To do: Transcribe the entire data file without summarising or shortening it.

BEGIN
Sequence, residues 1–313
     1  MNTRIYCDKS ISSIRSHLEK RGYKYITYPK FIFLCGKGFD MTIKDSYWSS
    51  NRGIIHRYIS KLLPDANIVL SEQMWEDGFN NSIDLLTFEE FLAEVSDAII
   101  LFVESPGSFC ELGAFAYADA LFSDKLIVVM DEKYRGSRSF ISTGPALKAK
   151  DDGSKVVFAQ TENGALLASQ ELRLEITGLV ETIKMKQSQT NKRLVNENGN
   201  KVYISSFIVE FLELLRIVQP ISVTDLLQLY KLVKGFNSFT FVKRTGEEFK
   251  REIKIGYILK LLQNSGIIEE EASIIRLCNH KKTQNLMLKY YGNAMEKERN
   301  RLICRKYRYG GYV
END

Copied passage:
Sequence, residues 1–313
     1  MNTRIYCDKS ISSIRSHLEK RGYKYITYPK FIFLCGKGFD MTIKDSYWSS
    51  NRGIIHRYIS KLLPDANIVL SEQMWEDGFN NSIDLLTFEE FLAEVSDAII
   101  LFVESPGSFC ELGAFAYADA LFSDKLIVVM DEKYRGSRSF ISTGPALKAK
   151  DDGSKVVFAQ TENGALLASQ ELRLEITGLV ETIKMKQSQT NKRLVNENGN
   201  KVYISSFIVE FLELLRIVQP ISVTDLLQLY KLVKGFNSFT FVKRTGEEFK
   251  REIKIGYILK LLQNSGIIEE EASIIRLCNH KKTQNLMLKY YGNAMEKERN
   301  RLICRKYRYG GYV